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I recently caught up with where the rest of the world was in 2005 by watching the hit documentary "March of the Penguins." It's been on my list for a while but when evening arrives I'm much more prone to watching films about people--people like James Bond, for example. But my wife and I had a baby two weeks ago, and suddenly movies narrated by Morgan Freeman seem like more appropriate family fare.
My only quibble with the movie is the name: it would be more accurate to call it "Commute of the Penguins." I had understood that the movie was about this extraordinary 70-mile walk that Emperor Penguins undertake once a year to get to their Antarctic breeding ground. I learned from the movie, though, that they go back and forth several times, with the parents taking turns to get food while the other does childcare. (Tip to dads: don't let your offspring freeze while mom is out catching fish for dinner.)
The cold endured by these penguins got me thinking about heating fuels. With home heating fuel prices bouncing up and down as much as they have over the last few years, it's easy to think that there must be a better solution out there, with a different fuel. But is there? Some cost calculations will help us answer that question. Let's check on the prices of major regional heating fuels. According to the Department of Energy, the average price this month for residential heating oil is $3.68 per gallon (wholesale is $2.97). Residential propane costs $2.78 per gallon ($1.52 wholesale). This varies all over the map, but the most common price I am seeing for delivered cordwood is $250 per cord. Wood pellets are priced at about $270 per ton. Electricity here in southern Vermont currently costs 14 cents per kilowatt-hour, but it's all over the map (literally) across the country.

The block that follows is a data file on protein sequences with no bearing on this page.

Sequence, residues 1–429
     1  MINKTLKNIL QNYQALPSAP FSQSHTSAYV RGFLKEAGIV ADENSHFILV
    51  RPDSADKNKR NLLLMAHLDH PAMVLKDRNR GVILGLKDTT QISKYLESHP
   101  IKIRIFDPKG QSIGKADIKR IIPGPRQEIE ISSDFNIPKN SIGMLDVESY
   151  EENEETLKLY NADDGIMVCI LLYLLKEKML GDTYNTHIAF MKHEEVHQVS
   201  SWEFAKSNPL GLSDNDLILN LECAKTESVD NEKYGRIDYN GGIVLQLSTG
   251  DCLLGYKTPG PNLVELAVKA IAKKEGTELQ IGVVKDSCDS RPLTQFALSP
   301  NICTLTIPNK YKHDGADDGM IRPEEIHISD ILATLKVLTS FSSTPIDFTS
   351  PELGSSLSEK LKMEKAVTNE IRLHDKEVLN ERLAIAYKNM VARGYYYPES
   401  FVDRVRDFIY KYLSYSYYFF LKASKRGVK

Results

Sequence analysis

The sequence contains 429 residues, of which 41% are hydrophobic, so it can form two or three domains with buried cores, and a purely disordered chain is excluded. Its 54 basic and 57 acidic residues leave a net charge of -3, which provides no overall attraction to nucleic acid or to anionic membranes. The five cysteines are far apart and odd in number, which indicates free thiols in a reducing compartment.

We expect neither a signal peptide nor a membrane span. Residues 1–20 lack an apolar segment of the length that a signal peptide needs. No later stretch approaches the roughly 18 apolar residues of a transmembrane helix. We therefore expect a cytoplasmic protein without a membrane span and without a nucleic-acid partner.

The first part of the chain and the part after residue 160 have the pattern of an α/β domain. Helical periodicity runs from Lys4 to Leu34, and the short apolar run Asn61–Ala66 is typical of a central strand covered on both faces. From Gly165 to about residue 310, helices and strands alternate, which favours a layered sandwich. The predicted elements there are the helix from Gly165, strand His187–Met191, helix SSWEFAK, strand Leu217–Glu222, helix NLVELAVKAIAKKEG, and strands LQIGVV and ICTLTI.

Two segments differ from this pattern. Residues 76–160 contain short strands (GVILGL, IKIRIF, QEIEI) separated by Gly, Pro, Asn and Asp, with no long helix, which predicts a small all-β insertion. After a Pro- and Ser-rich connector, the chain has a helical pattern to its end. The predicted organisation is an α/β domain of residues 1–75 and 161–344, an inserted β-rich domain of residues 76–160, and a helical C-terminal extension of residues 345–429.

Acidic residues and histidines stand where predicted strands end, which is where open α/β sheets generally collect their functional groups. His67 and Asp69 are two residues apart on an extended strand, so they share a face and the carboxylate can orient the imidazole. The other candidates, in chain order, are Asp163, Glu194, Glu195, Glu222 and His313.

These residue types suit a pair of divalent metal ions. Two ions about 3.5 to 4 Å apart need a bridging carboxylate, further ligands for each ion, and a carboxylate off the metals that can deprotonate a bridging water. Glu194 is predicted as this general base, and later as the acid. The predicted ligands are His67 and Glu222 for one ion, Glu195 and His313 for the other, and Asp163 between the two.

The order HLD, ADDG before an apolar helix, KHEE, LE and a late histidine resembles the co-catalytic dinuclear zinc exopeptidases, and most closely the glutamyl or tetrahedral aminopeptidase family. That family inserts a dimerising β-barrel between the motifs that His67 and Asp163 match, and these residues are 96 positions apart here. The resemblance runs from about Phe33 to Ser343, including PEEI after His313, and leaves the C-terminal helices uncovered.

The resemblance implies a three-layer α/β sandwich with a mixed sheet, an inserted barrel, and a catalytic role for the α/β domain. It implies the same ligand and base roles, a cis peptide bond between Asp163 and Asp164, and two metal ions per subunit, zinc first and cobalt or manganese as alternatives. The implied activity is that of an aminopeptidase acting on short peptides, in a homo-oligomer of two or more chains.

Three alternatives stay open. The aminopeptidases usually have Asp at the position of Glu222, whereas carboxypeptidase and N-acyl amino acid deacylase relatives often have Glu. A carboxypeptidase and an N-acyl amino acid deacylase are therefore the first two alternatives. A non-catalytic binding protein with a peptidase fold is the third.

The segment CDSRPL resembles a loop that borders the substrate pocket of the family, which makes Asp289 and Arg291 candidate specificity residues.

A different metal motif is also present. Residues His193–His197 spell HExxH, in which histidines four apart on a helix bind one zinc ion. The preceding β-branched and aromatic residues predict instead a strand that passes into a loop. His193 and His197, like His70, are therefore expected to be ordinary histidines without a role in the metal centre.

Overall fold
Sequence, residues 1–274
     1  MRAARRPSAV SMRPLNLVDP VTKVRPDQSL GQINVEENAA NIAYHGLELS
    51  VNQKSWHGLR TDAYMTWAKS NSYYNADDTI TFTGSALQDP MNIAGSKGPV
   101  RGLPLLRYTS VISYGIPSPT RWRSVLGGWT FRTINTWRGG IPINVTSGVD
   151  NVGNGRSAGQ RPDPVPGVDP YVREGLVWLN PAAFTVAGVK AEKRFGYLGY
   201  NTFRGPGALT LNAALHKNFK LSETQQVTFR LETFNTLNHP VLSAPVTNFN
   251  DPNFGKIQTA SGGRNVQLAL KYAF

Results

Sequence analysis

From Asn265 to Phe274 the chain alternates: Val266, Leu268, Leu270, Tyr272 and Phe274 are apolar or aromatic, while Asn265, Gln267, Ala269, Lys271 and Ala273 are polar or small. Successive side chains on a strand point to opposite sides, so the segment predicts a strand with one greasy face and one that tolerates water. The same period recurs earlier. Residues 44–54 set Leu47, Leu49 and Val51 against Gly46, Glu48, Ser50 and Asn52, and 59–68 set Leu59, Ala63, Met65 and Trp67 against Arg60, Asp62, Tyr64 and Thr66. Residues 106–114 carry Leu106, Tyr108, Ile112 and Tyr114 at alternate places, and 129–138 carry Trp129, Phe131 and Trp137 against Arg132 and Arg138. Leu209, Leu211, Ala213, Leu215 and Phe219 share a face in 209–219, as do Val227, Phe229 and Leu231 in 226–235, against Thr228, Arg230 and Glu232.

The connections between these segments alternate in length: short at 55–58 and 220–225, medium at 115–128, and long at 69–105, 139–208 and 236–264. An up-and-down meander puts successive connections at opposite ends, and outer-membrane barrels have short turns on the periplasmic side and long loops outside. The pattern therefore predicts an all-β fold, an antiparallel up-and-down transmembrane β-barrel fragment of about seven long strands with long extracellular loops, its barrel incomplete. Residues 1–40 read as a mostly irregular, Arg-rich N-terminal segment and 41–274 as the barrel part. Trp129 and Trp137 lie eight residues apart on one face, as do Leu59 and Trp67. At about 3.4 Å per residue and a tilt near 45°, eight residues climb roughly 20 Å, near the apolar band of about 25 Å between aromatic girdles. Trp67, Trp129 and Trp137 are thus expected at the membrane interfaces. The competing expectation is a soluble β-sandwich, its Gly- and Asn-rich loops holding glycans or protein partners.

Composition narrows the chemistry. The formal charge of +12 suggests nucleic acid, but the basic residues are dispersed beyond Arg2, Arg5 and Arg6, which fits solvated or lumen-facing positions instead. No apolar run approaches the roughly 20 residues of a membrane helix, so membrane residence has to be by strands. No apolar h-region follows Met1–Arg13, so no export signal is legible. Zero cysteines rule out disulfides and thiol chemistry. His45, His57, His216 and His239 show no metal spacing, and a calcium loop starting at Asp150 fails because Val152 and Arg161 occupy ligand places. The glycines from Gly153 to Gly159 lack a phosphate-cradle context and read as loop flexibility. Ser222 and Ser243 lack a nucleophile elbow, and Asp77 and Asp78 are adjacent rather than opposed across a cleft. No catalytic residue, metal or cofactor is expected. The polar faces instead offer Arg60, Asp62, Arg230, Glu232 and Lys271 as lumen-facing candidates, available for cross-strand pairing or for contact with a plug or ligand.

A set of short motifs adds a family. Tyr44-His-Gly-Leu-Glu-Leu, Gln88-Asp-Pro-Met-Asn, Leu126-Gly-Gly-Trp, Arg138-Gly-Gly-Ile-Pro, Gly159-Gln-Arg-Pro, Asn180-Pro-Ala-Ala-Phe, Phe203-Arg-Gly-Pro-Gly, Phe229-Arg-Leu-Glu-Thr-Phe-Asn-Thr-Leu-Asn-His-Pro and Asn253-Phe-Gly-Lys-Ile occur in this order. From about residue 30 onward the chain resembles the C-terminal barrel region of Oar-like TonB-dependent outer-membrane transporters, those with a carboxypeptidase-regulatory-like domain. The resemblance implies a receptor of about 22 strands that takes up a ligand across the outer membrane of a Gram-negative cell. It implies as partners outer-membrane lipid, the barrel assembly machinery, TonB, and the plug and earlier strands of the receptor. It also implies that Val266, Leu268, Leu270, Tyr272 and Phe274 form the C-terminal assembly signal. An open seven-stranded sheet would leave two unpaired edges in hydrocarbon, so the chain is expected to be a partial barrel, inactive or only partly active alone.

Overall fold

By themselves, these cost figures don't mean much because the heating value, or Btus, contained in a unit of each fuel is so different. For example, one gallon of fuel oil contains 0.15 million Btus, while one gallon of propane contains 40% less: 0.091 million Btus.
Also, the amount of useful heat obtained from a given fuel depends on how efficiently it's consumed. Combustion efficiency varies widely--from as low as 30% for the worst of the outdoor wood boilers to over 95% for a top-efficiency, condensing gas boiler. Heating with electric baseboard heaters is 100% efficient. (Keep in mind that most electricity comes from coal or natural gas, and utilities are only about 30% efficient in converting those fossil fuels into electrons delivered to your home.)
Buildings using electric heat pumps have much higher efficiencies (typically 200%–300%), because electricity is used for moving heat from one place to another, rather than being converted directly into heat.
To further complicate fuel cost comparisons, a third factor is how efficiently heat is distributed. With electric baseboard radiators, the heat is produced right in the room, so the distribution is 100% efficient. Baseboard hot water (hydronic) heat is also usually very efficient, though uninsulated hot water pipes running through an unheated basement can lower that efficiency.
With a hot-air furnace and ducts to carry the heat, however, the distribution efficiency can be quite low, especially if poorly insulated, leaky ducts run through an unheated attic or crawl space--distribution efficiency as low as 60%–65% is not uncommon.